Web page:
Hertz files for the share offering
Hertz Global Holdings
(ticker HTZZ) has filed a capital offer in what the car rental company has called its “Re-IPO” as the company seeks exposure to investors after it exits protection from the law. bankruptcies on June 30.
As a sign of Hertz’s financial strength, all shares will be sold by existing holders. Hertz said he plans to apply for listing on Nasdaq under the symbol HTZ. Its shares have traded lightly on the Pink Sheets since the company’s bankruptcy.
Hertz, who is based in Estero, Fla., Filed a filing to offer $ 100 million in shares, but did not disclose how many shares it would offer or their price. This will come with future deposits.
The company’s roadshow will be led by Mark Fields, recently appointed interim CEO, former chief executive of Ford Motor.
The deal will come at a time when investors are excited about the car rental industry amid a recovery in leisure travel, high prices and high prices for used cars, reflecting the shortage continues to new vehicles which brakes rental cars. fleets. Hertz comes out of record profitability in the second quarter. The company has a strong balance sheet, with net cash of $ 300 million at the end of the second quarter, excluding debt backed by its fleet of vehicles.
Hertz shares, which closed at $ 25.70 on Friday, have risen about 30% so far in October. Rival actions
Budget Opinion Group
(CAR), which finished Friday at $ 150.97, has risen over 60% over the past month. Hertz is now valued at $ 12 billion.
Hertz shares have been listed on the stock exchange since the emergence of the bankruptcy, but activity has been relatively low as only 3% of the 471 million Hertz shares were eligible for trading. These shares went to the former shareholders of Hertz before the bankruptcy reorganization.
The remainder of the shares, or around 457 million shares, were purchased primarily by institutional holders as part of the reorganization, but could not be traded on the exchange. These restricted shares will be eligible for sale on December 30 – six months after the emergence of bankruptcy – under SEC Rule 144, subject to lock-in and other limitations, Hertz said. This could create a large inventory surplus.
âA significant portion of our total issued and outstanding common shares is likely to be sold in the market in the near future, which could cause the price of our common shares to drop significantly, even if our business is doing wellâ , Hertz said. .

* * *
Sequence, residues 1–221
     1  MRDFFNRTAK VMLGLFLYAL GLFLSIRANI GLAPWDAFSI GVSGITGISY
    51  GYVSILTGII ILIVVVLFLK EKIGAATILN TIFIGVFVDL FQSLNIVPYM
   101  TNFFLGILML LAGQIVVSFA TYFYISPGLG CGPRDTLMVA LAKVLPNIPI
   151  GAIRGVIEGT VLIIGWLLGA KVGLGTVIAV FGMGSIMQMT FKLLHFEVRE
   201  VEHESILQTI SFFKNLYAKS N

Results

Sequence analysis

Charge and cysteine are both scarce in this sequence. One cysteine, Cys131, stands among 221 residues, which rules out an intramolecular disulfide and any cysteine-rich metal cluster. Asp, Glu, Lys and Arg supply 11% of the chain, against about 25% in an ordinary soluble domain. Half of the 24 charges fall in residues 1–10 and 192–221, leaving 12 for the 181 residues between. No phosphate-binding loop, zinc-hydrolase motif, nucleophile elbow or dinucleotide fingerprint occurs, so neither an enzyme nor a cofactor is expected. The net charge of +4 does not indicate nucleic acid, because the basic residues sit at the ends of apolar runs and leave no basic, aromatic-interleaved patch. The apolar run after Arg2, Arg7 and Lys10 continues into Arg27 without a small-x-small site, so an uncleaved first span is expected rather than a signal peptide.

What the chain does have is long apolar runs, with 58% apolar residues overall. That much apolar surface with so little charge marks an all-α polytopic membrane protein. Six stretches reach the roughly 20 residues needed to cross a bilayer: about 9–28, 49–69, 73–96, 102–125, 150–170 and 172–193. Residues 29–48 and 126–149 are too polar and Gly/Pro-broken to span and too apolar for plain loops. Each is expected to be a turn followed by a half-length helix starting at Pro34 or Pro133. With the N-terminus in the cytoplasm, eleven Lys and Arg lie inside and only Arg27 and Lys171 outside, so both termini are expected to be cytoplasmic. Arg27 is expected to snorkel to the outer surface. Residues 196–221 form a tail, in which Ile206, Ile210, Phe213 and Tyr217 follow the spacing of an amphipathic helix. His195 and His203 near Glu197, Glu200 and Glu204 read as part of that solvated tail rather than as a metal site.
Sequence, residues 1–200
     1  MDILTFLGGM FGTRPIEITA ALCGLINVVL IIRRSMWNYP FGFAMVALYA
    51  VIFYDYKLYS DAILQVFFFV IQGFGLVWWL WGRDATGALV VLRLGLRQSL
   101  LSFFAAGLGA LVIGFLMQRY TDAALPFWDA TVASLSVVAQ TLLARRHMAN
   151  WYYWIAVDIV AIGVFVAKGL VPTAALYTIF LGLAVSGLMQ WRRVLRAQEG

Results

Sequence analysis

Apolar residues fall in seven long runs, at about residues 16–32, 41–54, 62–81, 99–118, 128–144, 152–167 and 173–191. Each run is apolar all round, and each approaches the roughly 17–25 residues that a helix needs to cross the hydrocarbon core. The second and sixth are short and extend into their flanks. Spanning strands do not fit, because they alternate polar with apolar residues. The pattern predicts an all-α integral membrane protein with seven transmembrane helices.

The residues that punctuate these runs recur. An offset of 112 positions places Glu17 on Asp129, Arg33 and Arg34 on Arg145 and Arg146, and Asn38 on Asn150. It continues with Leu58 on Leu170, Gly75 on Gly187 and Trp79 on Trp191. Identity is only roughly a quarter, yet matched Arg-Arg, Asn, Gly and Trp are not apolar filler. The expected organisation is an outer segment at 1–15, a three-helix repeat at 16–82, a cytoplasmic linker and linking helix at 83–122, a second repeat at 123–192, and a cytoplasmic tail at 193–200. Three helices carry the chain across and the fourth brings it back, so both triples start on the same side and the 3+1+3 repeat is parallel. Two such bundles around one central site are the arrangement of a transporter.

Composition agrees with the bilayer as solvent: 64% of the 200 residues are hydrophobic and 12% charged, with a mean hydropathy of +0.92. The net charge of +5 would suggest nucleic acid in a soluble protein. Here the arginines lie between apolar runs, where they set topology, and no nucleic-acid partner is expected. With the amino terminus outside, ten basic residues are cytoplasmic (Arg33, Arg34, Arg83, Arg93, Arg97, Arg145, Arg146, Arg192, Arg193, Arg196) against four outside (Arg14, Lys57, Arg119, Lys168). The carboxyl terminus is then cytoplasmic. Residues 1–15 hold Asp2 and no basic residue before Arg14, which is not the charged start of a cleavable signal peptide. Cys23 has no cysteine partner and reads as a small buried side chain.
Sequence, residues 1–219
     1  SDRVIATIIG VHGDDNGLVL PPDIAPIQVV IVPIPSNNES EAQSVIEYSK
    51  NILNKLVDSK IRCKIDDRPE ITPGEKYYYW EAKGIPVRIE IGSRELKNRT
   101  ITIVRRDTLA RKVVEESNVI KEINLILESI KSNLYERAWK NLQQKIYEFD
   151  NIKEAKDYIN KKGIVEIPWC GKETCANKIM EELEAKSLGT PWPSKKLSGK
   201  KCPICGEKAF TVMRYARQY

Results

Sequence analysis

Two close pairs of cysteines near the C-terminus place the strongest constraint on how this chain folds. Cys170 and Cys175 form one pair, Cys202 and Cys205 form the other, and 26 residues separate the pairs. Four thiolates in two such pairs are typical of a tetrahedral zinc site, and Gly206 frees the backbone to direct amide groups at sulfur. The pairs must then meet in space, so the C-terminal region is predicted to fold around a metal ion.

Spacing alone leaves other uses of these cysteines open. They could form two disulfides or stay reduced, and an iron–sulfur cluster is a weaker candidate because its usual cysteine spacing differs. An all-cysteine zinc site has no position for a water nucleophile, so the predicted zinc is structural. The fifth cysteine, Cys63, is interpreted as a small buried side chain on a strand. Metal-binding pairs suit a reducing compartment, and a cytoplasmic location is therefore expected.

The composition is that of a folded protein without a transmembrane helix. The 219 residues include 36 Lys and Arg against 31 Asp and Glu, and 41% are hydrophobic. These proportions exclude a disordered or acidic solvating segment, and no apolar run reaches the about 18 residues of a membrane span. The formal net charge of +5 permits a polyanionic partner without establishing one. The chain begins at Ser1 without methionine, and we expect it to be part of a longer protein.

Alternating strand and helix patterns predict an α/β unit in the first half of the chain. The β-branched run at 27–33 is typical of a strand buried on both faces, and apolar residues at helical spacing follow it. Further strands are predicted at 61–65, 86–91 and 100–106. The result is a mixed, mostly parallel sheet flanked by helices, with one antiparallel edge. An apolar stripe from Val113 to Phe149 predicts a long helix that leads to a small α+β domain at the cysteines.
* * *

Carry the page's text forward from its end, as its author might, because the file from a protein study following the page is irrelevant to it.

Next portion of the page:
âWe issued a total of 456,969,438 shares under the EPCA (a share purchase agreement) and the offering of rights which are ‘restricted securities’ under Rule 144 and, in assuming we stay current with our reporting obligations under the Exchange Act, may be sold under Rule 144 as of December 30, 2021, subject to foreclosure restrictions and other limitations, âHertz said .
There have been exchanges between institutions of restricted stocks at a significant discount compared to the public market.
Hertz noted that “the trading price on the Nasdaq may have no relation to the historical prices on the OTC notice board.”
Investors expect Hertz to wait until it announces what will likely be strong third quarter earnings before pricing the stock offering. Hertz could highlight initiatives to better manage its fleet, obtain better prices, reduce customer wait times at counters, and develop management services for what could be autonomous vehicle fleets in local markets. years to come.
While Hertz has warned of excess stock, there could be strong demand for stocks from the stock offering given robust rental car market conditions and expectations that the situation will continue. in 2022 due to expectations of a continuing shortage of new vehicles.
The industry is dominated by three companies, Hertz, Avis and the private sector. Given Hertz’s limited liquidity, Avis was the only way for institutional investors to gain exposure to the sector.
An analyst recently told Barron’s that the once dysfunctional industry is now a “functional oligopoly with pricing power.”
There were five listed underwriters:
Barclays and Deutsche Bank Securities.
Write to Andrew Bary at [email protected]